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Talk by Dr Alex Hall

The expansion of the Universe is accelerating, and we do not understand why. To ‘explain’ this acceleration, cosmologists have theorised the existence of a substance called Dark Energy. If it really exists, Dark Energy must have properties completely at odds with standard matter. Furthermore, it must make up around 70% of the Universe. Add in Dark Matter – also poorly understood – and 95% of the present-day Universe is made from invisible, ‘dark’ components – a highly unsatisfactory situation! To address these mysteries, the European Space Agency has created the Euclid space telescope. Euclid was launched in July 2023 and is expected to revolutionize not just cosmology but many areas of astronomy. In the talk, I will describe the Euclid mission and present early results, highlighting Edinburgh’s key role in the mission.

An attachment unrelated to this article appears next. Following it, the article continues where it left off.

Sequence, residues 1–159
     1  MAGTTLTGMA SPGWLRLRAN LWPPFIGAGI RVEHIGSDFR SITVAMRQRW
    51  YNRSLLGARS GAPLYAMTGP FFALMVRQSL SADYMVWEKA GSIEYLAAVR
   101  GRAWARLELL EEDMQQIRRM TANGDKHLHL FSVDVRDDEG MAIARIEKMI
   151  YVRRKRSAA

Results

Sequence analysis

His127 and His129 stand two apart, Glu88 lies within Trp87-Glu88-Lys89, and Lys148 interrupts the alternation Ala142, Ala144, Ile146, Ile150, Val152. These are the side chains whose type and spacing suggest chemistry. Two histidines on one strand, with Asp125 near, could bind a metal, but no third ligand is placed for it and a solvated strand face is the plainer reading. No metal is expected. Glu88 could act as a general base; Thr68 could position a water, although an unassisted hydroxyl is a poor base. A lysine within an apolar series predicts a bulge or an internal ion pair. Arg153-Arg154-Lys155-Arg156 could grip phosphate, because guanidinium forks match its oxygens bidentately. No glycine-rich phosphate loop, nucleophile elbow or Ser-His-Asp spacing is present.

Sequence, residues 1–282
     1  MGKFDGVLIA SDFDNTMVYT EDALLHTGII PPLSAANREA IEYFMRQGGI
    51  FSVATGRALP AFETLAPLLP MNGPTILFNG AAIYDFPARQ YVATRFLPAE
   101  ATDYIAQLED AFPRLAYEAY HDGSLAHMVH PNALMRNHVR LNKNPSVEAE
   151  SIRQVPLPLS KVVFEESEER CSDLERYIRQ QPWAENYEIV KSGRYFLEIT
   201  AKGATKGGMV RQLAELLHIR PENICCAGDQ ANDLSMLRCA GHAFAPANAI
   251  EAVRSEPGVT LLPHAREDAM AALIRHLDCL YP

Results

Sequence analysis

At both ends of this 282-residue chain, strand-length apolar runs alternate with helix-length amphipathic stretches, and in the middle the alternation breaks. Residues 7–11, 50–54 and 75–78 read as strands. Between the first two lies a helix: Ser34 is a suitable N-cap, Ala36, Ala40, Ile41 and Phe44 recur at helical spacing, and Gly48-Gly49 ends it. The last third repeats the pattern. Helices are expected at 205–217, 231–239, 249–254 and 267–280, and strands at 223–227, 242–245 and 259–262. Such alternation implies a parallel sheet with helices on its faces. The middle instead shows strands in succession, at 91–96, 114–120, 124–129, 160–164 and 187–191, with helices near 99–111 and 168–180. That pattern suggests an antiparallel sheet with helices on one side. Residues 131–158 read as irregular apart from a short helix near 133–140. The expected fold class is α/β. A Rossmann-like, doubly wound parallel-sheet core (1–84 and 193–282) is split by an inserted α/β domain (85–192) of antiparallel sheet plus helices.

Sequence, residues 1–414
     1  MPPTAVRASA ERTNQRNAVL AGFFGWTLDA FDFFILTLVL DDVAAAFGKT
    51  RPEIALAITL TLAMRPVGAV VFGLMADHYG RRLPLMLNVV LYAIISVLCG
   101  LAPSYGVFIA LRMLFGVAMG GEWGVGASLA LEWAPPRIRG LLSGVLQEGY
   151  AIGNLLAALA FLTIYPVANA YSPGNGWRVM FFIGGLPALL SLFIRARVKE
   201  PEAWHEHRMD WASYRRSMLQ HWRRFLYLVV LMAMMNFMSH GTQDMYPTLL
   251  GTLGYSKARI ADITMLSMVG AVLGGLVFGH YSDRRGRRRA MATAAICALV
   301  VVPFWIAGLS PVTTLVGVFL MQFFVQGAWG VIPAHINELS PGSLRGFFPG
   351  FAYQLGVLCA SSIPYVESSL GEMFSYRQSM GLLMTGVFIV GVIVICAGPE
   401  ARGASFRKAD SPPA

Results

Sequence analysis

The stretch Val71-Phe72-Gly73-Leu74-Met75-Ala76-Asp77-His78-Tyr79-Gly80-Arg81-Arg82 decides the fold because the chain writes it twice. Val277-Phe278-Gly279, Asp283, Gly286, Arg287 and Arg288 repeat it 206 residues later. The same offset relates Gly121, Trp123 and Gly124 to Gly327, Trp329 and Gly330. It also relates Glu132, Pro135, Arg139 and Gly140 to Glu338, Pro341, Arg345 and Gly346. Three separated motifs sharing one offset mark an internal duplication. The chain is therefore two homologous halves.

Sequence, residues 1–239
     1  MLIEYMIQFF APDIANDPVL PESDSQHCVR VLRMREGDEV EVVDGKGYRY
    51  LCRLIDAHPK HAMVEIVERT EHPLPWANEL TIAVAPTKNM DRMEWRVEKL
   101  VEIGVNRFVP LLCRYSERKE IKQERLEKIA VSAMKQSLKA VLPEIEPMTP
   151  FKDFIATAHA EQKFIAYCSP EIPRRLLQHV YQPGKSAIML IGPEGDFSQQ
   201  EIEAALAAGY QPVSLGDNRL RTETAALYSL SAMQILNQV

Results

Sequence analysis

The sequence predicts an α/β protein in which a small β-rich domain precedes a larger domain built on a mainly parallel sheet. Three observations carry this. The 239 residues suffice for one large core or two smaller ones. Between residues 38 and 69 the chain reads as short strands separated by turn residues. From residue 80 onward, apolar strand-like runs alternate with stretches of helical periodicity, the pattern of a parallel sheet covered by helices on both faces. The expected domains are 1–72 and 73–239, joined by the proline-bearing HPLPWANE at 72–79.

Dr Alex Hall is a Royal Society University Research Fellow and academic staff member at the Institute for Astronomy, University of Edinburgh. He obtained his PhD from the University of Cambridge in 2014 before moving to the Royal Observatory. His research interests are in theoretical and observational cosmology, and he is one of the core science leads for the Euclid mission.